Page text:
Surveillance State 2.0: Beta-Tested in China, Coming Soon to...?

Ryan J. Mitchell, Can Sun

Looking back one day, we may find that one of the great stories of the ‘Teens was the dawning recognition that a new kind of surveillance state was emerging, not just nationally, but globally. [1]

In remarks published on April 12, 2012, Ninth Circuit Chief Judge Alex Kozinski predicted that “[s]omeday soon they’ll decide it’s easier to watch all of us, all the time.”[2] Just a year and a half ago, this was still before “NSA disclosure” became a household phrase.[3] If you asked him today, would he change the tense of his statement?

A Myriad of Loose Ends

Jimmy Zhuang

This past June, the Supreme Court held in Association for Molecular Pathology v. Myriad Genetics Inc., 569 U.S. __ (2013) that DNA segments encompassing genes cannot be patented. The ACLU and other pro-access organizations rejoiced in victory [1]. Quietly, so did the biotechs [2]. The details of the Supreme Court decision leave many major concerns unaddressed for both sides, perhaps explaining this discrepancy in responses. By examining the two holdings and an important dictum of this case, and contextualizing their biotechnology implications, it is apparent that this case is far from a final say in the question of “patenting life.”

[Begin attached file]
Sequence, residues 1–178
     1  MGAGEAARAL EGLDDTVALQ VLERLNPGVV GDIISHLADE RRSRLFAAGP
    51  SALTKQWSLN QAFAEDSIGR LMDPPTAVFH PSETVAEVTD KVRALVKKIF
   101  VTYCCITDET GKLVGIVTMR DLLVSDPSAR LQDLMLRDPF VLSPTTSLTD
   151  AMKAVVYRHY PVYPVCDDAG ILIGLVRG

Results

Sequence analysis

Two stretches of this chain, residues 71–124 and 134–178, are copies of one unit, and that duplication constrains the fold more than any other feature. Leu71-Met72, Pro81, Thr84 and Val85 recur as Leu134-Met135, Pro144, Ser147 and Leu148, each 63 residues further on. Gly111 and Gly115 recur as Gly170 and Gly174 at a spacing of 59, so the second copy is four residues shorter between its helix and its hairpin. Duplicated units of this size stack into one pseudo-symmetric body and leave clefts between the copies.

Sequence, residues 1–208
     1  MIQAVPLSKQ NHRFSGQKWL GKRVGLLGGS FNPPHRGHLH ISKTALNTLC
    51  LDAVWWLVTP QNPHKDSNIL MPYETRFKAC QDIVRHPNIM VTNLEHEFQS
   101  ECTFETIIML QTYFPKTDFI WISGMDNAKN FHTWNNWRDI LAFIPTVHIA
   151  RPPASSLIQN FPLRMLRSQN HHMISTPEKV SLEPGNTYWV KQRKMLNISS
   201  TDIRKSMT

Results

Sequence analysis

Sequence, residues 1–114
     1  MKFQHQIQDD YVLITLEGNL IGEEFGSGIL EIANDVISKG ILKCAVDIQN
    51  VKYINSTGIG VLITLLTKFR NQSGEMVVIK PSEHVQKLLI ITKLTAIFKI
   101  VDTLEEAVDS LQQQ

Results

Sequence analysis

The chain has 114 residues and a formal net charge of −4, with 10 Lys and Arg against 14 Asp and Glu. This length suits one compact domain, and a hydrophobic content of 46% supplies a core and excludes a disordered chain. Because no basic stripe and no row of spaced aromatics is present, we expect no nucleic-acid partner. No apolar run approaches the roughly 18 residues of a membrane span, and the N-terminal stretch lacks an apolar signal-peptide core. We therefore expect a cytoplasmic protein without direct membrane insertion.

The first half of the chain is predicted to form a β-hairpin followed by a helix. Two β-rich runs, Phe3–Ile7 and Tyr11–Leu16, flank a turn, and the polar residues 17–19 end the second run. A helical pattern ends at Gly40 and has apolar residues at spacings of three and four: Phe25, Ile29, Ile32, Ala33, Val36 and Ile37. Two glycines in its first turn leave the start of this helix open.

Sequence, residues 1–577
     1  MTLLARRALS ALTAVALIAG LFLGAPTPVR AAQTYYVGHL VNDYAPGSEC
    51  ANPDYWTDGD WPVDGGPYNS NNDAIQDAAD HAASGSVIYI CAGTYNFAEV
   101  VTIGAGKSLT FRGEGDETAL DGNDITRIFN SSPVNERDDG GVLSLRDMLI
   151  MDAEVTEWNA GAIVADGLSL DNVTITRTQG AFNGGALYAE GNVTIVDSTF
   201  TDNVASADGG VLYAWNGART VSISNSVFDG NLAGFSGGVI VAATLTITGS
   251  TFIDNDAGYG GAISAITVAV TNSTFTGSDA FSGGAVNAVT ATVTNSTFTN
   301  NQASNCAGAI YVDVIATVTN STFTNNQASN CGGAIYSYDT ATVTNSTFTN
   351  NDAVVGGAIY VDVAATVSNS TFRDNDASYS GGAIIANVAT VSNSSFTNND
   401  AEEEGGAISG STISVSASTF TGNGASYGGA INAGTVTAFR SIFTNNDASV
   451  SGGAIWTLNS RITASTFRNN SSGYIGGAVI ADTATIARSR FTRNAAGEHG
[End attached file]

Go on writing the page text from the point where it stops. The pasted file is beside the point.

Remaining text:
Hate the Game: Government Surveillance and the Market for Privacy

Amanda Lynch

Even before Edward Snowden called a press conference using a Lavabit email address, the FBI was interested in the secure email service.  Lavabit founder Ladar Levison tried to cater to the savvy consumer: providing private communication in a market where participants are increasingly aware of the government’s access to their data.  However, Levison shuttered his email service in August, after receiving a search warrant from the FBI compelling him to turn over Lavabit’s SSL encryption keys.  These keys would have exposed not only Snowden’s data, but also that of 400,000 other users.

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